"A child's learning is the function more of the characteristics of his classmates than those of the teacher." James Coleman, 1972

Thursday, March 13, 2014

John King's "Bar Exam" for Teachers Who Are Paid Like Clerks

Lawyers' median pay?  $113,000.  Teachers' median pay?  $53,000.  Judicial law clerk? $47,000.

Ready or not, here comes John King's Pearson test

New York Education Commissioner John King and a Board of Regents committee have released a full-throated endorsement of the state's controversial new teacher certification system.
In a statement distributed this morning, King rejected calls to postpone the implementation of the new system, which the department calls the "bar exam" for teachers. In response to criticism that the system has been rushed, King said the state began working on it in 2009 and has spent $11.5 million in federal Race to the Top money helping teacher colleges prepare for it.
He said the system was originally scheduled to begin last year, but the state postponed it to this year to ensure colleges and students were prepared for it.
King said the state is raising academic standards for students and that "success of that effort requires that we demand just as much excellence from the educators who will teach them."
Many aspiring teachers and their professors have raised red flags over the new system, which includes three certification tests created or modified by the education giant Pearson Inc. and a new assessment called the Educative Teacher Performance Assessment, or edTPA.
The edTPA was created by a group at Stanford University but is being implemented by Pearson. It is widely expected to result in fewer teacher candidates receiving certification than in previous years.
Teacher candidates must submit an extensive portfolio to Pearson that includes lesson plans, student assessments, video clips of classroom teaching and written narratives detailing the student-teacher's approach. Students foot the $300 cost of the submission.
The submissions are graded by remote evaluators hired by Pearson and paid $75 per submission. The evaluators are expected to spend about two hours grading each one.
Critics say the exams have been rushed into place, are too expensive for students and put too heavy a burden on them as they pursue their student teaching. They also question the involvement of Pearson, which holds numerous multimillion-dollar contracts with the state Education Department.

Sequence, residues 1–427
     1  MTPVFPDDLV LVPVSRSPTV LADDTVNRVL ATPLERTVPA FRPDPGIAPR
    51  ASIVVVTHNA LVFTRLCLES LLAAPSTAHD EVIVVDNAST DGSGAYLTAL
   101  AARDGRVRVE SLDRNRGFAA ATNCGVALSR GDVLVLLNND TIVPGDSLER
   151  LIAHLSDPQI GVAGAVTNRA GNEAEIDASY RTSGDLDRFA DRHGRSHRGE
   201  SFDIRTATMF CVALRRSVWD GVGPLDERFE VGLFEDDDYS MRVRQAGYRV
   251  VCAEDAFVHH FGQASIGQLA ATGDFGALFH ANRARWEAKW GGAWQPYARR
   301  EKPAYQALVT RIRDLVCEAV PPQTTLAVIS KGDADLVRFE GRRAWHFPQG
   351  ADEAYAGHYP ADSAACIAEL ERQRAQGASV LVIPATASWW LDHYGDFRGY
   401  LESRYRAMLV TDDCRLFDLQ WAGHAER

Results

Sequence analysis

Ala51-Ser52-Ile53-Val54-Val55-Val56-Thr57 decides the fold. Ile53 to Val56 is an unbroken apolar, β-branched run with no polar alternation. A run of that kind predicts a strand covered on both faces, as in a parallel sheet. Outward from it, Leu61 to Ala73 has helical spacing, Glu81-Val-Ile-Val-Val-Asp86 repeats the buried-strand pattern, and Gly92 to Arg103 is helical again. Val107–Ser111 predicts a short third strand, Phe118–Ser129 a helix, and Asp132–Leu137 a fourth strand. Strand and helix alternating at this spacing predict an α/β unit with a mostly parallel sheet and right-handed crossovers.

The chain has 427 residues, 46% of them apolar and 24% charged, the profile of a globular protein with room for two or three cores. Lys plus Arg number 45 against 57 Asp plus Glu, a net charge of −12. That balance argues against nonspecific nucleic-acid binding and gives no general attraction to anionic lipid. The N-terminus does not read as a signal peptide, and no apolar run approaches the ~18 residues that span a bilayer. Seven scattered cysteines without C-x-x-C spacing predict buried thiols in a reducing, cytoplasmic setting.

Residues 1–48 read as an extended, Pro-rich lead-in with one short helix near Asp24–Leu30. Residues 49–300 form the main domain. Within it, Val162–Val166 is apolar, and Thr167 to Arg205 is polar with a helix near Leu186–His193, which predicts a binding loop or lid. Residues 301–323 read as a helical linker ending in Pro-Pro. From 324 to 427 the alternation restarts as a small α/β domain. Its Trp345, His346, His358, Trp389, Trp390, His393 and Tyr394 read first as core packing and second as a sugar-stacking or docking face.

New York and Washington are the only states using the edTPA assessment as part of their teacher certification process, although 32 states are working with it in some fashion. . . .


  1. Anonymous2:01 PM

    Top flight students are flocking to the $33,000 teaching jobs here in Indiana.

  2. Anonymous8:30 PM

    It really isn't a bad assessment. HOWEVER I question those grading it. No reliability.

  3. Anonymous1:29 AM

    Personally I think it is ridiculous that a teacher candidate has to take 4 tests; ALST, EAS, CST Multi Subject and edTPA. For those not aware, the CST Multi Subject Test is 3 tests in one; ELA, Math and Science.For special education you need 5 tests for certification. Let's be honest here. The state is not looking for more qualified teachers, they are looking for revenue. It is going to cost the average teacher candidate over $1,200 in testing! That is just in testing which excludes the fees of $29.00 for each practice test and $100 for each workshop for test prep. Oh yeah..and teacher candidates also have to pay for fingerprinting which is about $200, Child Abuse Workshop $50, DASA Training, School Violence Intervention Prevention Workshop $40 and $50 for certification application. How will college students be able to pay for these tests on top of paying for tuition and professional development workshops? If teacher a candidate demonstrates proficiency in all these exams they should be compensated monetarily with a salary that matches their education and training. The public and the state really don't have a clue what teachers go through; http://www.nytimes.com/2014/05/22/nyregion/2-students-arrested-after-putting-rat-poison-in-teachers-water-police-say.html?_r=0